There are a variety of little-known, “underground” tactics you can implement to enhance your training effectiveness and efficiency – endurance training strategies that tend to fly under the radar, but can give you lots of bang for your buck if you implement them into your program. These tactics come in handy especially if:
a) time management is important to you;
b) you want to figure out ways to strengthen your cardiovascular, musculoskeletal and nervous system without significant damage to your joints, health, or metabolism.
In part 1 of this article series, I gave 3 little-known strategies to turn you into an endurance beast. In this part, we’re going to look at 4 more strategies.
In part 2, we went over 4 more strategies for achieving superhuman endurance.
And in this final part, we’re going to look at 5 final strategies for maximizing your endurance.
You’ve no doubt seen it before: the cheesy As-Seen-On-TV ad for the special electrodes you attach to your abs to magically and effortlessly get a six pack.
Known as neuromuscular electrical stimulation (NMES), electrical stimulation (EMS) or electromyostimulation devices, these contraptions elicit a muscle contraction using electrical impulses that directly stimulate your motor neurons (as opposed to a “TENS” unit, which is good for managing pain and a common low back pain treatment, but only stimulates surface nerve endings, not motor neurons).
The first few times you use an EMS device, it feels as though an outside invader has somehow taken control of your muscles and caused them to contract without the control of your brain. These contractions can be quick and rapid, quick with longer pauses between contractions, or even contractions that are held for seconds and sometimes minutes at a time.
The reason EMS feels strange is because it reproduces your body’s natural process of voluntary muscular contractions. Normally, your body fires muscles by sending electrical impulses from your brain through your central nervous system (CNS) to your muscles. But EMS allows you to engage in deep, intense and complete muscular contractions without actually taxing your CNS (or your joints and tendons).
In other words, your body doesn’t know the difference between a voluntary contraction or an electrically induced one, it only recognizes that there’s a stimulus.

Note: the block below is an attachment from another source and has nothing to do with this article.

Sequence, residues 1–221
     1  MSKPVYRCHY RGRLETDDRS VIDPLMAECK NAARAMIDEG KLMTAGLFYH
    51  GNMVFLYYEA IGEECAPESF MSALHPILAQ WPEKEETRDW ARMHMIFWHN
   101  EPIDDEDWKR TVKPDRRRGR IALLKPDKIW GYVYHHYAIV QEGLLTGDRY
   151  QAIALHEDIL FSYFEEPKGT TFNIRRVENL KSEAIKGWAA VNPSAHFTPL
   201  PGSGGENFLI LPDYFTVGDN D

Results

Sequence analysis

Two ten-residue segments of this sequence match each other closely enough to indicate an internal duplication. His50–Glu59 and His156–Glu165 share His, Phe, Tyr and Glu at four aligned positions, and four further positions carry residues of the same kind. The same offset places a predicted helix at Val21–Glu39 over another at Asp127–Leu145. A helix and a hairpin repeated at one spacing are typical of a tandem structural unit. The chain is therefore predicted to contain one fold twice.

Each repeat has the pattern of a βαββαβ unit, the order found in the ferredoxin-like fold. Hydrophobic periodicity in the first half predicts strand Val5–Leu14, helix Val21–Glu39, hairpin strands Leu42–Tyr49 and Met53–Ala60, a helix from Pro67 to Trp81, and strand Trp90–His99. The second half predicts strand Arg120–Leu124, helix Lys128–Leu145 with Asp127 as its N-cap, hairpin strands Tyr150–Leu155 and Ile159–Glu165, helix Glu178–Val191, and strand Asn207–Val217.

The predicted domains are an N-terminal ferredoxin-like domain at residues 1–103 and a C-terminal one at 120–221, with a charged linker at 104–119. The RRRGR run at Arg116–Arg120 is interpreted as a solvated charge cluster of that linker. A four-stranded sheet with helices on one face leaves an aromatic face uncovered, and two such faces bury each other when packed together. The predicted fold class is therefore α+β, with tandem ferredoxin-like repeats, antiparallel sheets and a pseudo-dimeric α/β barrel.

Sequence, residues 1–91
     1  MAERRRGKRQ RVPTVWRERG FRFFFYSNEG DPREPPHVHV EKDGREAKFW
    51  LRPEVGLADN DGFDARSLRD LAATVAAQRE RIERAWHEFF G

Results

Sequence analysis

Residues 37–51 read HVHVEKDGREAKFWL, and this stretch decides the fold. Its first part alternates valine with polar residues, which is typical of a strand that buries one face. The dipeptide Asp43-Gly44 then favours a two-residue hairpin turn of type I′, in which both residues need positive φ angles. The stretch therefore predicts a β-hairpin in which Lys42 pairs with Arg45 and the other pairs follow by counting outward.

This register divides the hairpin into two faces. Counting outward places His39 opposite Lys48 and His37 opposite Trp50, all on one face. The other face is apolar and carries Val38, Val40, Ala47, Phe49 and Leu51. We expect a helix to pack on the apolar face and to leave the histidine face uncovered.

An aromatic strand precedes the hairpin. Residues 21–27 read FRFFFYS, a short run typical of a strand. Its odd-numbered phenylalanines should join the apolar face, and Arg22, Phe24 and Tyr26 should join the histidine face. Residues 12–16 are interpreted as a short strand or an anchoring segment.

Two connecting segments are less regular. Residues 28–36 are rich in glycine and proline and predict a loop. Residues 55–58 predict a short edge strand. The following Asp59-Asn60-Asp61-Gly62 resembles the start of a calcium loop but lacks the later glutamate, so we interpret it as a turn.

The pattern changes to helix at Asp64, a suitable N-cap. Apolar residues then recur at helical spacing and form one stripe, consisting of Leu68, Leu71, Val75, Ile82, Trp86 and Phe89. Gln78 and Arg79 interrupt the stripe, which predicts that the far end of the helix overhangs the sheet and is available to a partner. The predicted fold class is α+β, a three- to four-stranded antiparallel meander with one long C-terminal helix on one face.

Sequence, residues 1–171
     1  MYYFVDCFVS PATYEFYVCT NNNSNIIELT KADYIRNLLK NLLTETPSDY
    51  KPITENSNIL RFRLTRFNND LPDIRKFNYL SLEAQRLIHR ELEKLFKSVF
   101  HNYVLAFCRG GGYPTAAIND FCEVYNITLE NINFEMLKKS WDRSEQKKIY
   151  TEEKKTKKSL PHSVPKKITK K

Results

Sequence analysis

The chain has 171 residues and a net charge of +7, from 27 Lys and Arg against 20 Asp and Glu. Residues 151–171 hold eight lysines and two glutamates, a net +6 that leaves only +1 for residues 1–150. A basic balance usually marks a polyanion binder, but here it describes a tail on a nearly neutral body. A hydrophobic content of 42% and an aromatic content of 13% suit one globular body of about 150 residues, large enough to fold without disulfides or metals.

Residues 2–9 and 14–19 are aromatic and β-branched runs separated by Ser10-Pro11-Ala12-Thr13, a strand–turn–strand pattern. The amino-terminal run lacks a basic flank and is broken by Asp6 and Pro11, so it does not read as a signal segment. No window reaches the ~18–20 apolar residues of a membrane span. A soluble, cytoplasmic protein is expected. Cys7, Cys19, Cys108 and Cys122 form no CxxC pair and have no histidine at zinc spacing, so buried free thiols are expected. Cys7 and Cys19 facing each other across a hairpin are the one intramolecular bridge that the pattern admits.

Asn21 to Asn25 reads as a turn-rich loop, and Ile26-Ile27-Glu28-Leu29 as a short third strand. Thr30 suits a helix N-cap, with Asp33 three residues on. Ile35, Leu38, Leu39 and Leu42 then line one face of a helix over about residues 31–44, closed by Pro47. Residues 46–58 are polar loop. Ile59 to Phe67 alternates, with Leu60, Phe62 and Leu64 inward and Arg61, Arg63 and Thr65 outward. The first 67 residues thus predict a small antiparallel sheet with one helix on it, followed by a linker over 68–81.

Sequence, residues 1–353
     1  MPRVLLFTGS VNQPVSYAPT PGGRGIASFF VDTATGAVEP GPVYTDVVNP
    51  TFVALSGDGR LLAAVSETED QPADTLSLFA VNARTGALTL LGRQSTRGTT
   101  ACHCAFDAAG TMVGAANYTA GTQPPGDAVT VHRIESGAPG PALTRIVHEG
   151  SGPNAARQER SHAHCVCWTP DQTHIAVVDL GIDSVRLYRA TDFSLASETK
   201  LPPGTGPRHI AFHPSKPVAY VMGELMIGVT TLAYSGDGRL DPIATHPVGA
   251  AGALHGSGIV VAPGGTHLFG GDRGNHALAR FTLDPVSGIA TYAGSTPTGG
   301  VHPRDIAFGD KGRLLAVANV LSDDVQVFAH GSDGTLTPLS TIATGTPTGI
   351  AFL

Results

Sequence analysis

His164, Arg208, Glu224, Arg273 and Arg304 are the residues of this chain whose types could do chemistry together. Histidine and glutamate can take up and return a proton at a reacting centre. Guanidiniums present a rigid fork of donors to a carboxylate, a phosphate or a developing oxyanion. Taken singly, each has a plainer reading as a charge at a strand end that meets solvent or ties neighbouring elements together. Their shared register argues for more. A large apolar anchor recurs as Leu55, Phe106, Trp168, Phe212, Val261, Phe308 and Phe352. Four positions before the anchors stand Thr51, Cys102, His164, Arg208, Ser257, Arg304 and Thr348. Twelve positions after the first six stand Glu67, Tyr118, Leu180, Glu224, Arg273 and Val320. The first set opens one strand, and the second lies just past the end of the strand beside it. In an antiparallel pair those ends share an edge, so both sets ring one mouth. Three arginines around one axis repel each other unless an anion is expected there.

To use EMS, you place pads on your skin at each end of the skeletal muscle to be stimulated. An EMS device usually has four channels with lead wires, and each wire is connected to two pads. Very small amounts of current run from one pad to the next and complete a circuit – using your muscle tissue as a conduit. The current runs at specific frequencies (Hz) and pulse durations (microseconds), and the motor neurons within this circuit are stimulated. The muscle fibers innervated by the motor neurons then contract.
And voila – you start twitching.
The muscle fibers that you’re able to stimulate with EMS are completely dependent on the type of frequency you use. Basically, there are three ranges of frequencies that stimulate three different muscle fiber types. A slow twitch muscle fiber will contract at one set of frequencies, an intermediate fast twitch muscle fiber will contract at a different set of frequencies, and a fast twitch muscle fiber will contract at the highest frequencies.
I personally own and use a Compex Sport Elite device, and although for several years I only used it for recovery, I now perform strength and explosive strength training electrical sessions for my quads and hamstrings (while at the same time practicing deep diaphragmatic breathing). Interestingly, I’ve been able to get myself into a dripping wet full body sweat with these sessions, and when performed prior to a bike ride or run, found it much easier to produce both higher cadences and speeds. Multiple clinical studies back this up, and websites such as Hammer Nutrition have entire content libraries devoted to research and proper use of EMS for endurance sports.
And while an EMS device certainly isn’t going to burn significant calories or fat to give you an amazing six-pack, it can indeed result in a significant boost in cardiovascular and musculoskeletal fitness. For more tips on how to implement EMS into a training season, visit that Hammer website I just referenced, or read my blog post “How To Use Electrical Muscle Stimulation to Enhance Performance, Build Power and VO2 Max.”
Finally, you may want to upgrade to a very expensive and relatively teeth-gritting intense form of electrical muscle stimulation that can leave your muscles in a state of maximum contraction for literally minutes at a time. The following suggestions will also give you faster results than any other EMS device out there. Look into the ARPWave and EVOAthlete program operated by Jay Schroeder, the guy I mentioned earlier.
Jay uses an electrical stimulation device called the ARPwave, which possesses characteristics not found in any conventional therapeutic neuromuscular electrical stimulator (specifically something called interferential, microcurrent, galvanic, Russian stim, or iontophoresis). This specific wave is supposedly more harmonious with the body and significantly reduces skin and fatty tissue impedance, which allows much deeper penetration of the direct current without the side effects of nasty stuff like skin burning.
Think of this as electrostimulation on steroids.